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Japanese Election October 2017, 日本衆議院選


Japanese special election in October 2017.    

JFKのお孫さん ジャックシュロスバーグ氏 Photographing Jack Scholssberg

先日ボストンでJFKのお孫さんジャックシュロスバーグ氏を撮影してきました。ケネディー大統領のお孫さん、在日米大使キャロラインケネディー氏の23歳の息子さん。叔父様だった若くなくなったJFK Jr氏にそっくりのハンサムな好青年。これからのケネディー一族を担っていく若手です。 来年の1月から始まるトランプ政権について”オープンマインド”(先入観をなるべく持たずに)でいることは大切なことだ、と若きシュロスバーグ氏は語りました。

I photographed Jack Scholossberg, a grandson of JFK in Boston the other day.  He resembles his uncle, JFK Jr.  My photographs appeared on People's Magazine exclusive article.

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Hibakusha Stories of Hiroshima & Nagaskai (ENG)

The White House announced on May 10 Tuesday that President Obama would visit Hiroshima for the first time as U.S. President since 1945.


I visited Hiroshima and Nagaskai last year to meet and listened to the survivors of Atomic bombs. Hiroshi Hosokawa of Hiroshima, who was 17 years old in 1945 told me "I think the Atomic bombs were not only dropped onto Hiroshima and Nagasaki, but mankind. ....Everything that had existed here disappeared on August 6, 1945. As long as I live, I will continue to have my voice alive."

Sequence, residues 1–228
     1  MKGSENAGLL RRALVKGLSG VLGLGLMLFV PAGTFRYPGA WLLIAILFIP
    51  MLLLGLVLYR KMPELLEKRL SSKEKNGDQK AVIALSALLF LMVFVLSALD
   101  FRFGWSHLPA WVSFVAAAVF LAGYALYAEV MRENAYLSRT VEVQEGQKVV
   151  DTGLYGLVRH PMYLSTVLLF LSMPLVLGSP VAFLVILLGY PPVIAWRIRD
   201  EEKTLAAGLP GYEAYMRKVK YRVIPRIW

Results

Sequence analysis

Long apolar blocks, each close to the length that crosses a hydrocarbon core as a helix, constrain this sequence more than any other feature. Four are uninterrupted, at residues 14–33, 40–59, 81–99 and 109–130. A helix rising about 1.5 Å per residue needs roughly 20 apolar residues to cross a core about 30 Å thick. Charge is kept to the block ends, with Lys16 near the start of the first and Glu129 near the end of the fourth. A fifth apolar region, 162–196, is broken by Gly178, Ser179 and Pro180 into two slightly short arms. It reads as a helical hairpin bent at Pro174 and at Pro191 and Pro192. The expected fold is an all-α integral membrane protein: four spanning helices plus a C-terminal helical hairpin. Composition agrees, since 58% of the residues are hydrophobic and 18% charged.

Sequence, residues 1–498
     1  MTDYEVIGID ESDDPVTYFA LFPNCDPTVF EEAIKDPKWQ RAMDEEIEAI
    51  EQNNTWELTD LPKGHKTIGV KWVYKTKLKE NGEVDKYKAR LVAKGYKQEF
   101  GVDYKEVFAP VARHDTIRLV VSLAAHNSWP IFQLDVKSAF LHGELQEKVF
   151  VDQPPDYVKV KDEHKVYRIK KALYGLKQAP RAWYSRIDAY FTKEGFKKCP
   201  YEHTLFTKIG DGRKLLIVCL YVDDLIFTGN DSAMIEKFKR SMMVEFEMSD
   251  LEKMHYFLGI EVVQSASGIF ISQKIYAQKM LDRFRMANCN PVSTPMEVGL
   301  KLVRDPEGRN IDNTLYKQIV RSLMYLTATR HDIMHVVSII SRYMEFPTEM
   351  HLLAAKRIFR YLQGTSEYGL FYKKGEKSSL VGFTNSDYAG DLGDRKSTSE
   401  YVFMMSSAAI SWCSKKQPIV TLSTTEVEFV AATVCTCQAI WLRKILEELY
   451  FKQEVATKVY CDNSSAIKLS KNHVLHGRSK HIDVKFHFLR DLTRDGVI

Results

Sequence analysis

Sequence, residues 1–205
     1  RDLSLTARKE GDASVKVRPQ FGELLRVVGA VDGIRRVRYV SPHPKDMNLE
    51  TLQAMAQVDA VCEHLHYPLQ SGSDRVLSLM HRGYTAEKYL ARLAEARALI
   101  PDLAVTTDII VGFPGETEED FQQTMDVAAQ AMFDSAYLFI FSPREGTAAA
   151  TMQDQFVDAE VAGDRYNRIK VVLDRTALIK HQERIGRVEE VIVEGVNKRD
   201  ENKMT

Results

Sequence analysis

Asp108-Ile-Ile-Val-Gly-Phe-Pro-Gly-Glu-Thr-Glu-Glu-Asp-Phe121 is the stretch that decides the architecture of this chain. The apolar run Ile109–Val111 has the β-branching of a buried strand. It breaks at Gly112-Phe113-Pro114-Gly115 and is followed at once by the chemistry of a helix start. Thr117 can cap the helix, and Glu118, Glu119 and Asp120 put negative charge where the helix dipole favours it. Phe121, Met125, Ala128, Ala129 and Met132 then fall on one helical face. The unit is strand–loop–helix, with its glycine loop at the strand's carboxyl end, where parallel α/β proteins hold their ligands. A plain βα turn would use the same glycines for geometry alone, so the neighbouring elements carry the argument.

I hope we can start a dialogue for future...

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Survivors 70 years after Atomic Bombs

Survivors 70 years after Atomic Bombs

Hibakusha When I came to the United States, I was surprised to discover that most discussions regarding the atomic bombs were debates over the correctness of the actions by U.S. government in 1945.   In Japan, stories of the atomic bomb survivors are never meant over the actions in past, but the actions for the future.  Many Hibakusha (atomic bomb survivors) would not even want to remember what happened on August 6th and 9th, but they share their stories for the future: for us.   So that it will not happen again to anyone else.  I hope we can start a dialogue for future.  No More Hiroshima, No More Nagasaki.

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